Adding More Cores: Hybrid Architecture
Adding to the node naming confusion is now Intel’s new approach to adding more cores: the hybrid architecture. Intel still believes in a monolith chip design. One big piece of silicon housing everything in that die. This is in large contrast to AMD’s chiplet design which separates cores into clusters of their owns dies. This has so far worked for AMD to great effect but Intel’s persistence sees them devising smart ways to a solution; not just to increase core count, but increase efficiency as well.
Intel’s 12th-gen Core CPUs will feature 2 kinds of cores: the familiar core design we normally see and what is referred to as the P-core (performance) based on Golden Cove and then we have high-efficiency E-cores (efficiency) based on Gracemont. If this would be a traditional gen-on-gen release, the P-cores are expected to yield 28% performance increase over Skylake. That would usually be the end of that but this hybrid architecture approach adds in the E-cores which can handle very light workloads with very minimal power. This allows Alder Lake to park P-cores when they’re not needing, only bringing them in for gaming, content creation and then combining both E-cores and P-cores when really taxing workloads are being performed.
Intel 12th-gen Core Processor Line-Up
Intel will be releasing six unlocked CPUs for launch of their 12th-gen CPUs, offering both K and KF variants of the 12th-gen Core i9, Core i7 and Core i5. These CPUs will be launched alongside Z690 chipset motherboards aimed for enthusiasts, many of which have already been announced by partners like ASUS, MSI, ASRock and GIGABYTE plus more. A second wave of releases is expected for 2022 and will include the rest of the 12th-gen CPU lineup.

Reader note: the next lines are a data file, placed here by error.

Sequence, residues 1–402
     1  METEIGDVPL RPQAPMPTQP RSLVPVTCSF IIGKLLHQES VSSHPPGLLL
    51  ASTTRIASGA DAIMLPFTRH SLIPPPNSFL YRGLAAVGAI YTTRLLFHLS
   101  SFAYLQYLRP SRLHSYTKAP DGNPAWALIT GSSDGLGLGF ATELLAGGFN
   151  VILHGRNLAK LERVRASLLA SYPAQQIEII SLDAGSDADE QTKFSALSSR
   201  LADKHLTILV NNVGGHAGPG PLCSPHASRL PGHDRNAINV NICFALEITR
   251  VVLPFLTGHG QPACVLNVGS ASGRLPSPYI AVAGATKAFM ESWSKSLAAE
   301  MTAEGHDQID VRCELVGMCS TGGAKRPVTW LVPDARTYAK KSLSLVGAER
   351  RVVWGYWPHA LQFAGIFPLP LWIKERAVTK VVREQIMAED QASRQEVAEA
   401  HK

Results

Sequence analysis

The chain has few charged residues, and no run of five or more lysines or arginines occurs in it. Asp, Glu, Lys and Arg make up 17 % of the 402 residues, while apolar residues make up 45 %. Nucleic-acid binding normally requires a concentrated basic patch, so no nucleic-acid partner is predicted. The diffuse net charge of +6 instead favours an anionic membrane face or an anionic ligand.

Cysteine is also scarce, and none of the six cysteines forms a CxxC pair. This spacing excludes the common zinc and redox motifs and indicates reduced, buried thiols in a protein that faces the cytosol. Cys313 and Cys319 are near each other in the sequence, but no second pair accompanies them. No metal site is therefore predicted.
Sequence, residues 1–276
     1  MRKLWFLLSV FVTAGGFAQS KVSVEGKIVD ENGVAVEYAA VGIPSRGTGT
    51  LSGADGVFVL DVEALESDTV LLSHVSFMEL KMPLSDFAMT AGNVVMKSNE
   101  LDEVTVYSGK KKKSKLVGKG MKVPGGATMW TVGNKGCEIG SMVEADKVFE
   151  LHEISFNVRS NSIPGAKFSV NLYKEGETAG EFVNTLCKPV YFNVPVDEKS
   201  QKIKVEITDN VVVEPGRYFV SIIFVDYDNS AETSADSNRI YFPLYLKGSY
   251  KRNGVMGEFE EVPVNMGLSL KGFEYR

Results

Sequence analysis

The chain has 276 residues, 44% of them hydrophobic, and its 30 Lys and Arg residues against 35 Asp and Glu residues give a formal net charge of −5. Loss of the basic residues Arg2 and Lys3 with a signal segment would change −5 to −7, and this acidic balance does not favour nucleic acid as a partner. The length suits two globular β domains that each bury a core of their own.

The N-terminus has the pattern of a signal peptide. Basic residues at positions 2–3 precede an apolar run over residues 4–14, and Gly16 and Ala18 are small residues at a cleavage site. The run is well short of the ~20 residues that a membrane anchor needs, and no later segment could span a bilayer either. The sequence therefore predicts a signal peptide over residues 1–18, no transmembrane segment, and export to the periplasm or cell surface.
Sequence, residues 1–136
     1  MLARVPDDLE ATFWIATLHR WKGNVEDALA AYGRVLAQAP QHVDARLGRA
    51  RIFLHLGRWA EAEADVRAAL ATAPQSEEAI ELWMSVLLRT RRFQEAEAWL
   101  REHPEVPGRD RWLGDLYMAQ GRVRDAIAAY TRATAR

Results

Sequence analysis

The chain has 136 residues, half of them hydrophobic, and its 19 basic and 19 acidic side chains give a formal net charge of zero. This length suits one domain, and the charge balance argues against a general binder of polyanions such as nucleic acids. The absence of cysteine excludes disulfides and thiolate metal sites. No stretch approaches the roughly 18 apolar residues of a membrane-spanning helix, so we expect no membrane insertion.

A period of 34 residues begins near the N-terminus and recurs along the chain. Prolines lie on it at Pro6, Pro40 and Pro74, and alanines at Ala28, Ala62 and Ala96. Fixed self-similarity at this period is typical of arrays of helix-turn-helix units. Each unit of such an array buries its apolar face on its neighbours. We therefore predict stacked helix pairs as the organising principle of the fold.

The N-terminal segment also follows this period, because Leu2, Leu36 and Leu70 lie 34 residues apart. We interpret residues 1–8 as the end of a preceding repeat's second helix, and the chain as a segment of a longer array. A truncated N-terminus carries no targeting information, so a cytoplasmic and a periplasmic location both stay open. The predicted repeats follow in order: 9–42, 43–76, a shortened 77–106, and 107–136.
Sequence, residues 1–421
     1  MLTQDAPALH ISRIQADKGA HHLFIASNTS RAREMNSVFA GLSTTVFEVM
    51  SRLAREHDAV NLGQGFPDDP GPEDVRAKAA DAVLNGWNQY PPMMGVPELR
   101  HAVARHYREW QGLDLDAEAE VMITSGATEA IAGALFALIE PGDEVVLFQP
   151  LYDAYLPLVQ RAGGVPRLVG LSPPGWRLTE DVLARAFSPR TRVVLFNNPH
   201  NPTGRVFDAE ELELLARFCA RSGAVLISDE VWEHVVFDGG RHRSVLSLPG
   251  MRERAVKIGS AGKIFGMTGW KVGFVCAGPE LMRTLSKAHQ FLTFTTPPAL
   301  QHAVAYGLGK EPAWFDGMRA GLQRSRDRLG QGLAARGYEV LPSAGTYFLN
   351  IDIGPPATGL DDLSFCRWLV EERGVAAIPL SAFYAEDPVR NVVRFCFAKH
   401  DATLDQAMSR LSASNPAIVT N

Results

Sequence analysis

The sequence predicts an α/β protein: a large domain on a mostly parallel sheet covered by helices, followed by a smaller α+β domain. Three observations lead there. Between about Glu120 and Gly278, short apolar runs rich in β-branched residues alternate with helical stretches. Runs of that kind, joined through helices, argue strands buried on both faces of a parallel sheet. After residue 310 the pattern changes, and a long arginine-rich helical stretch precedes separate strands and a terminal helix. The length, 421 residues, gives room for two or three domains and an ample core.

The Core i9-12900K and i9-12900KF will be the flagship models and will have 8 P-cores with HyperThread + 8 E-cores. This effectively makes them 24-thread CPUs. Take note of the core convention as Intel will be using the E-cores as well to segregate their SKUs. You’ll see the convention of P-cores + E-cores used so you may see us show the core counts as 8+8, with the current line-up’s models all having HyperThreading. It has been shown that upcoming SKUs may not include E-cores altogether but for now, the 6 launch models have this commonality.
Going back, the Core i7-12700K and Core i7-12700KF will be 8C/16T+4C parts while the Core i5-12600K+i5-12600KF both a 6C/12T+4 part. Again, the KF models will lack the Intel UltraHD 770 IGP and will slightly be cheaper than their full K-type siblings.
Further features worth noting is Turbo Boost for these CPUs: the Core i9 and i7 will have Turbo Boost Max 3.0 while the Core i5 won’t. In the chart above you’ll also see that we don’t have Thermal Velocity Boost anymore. There is also a new column for Processor Base Power and Maximum Turbo Power. We’ll discuss this in a later segment. Lastly, Intel has confirmed that the 12th-gen Core CPUs do not support AVX512.
Alder Lake Die Layout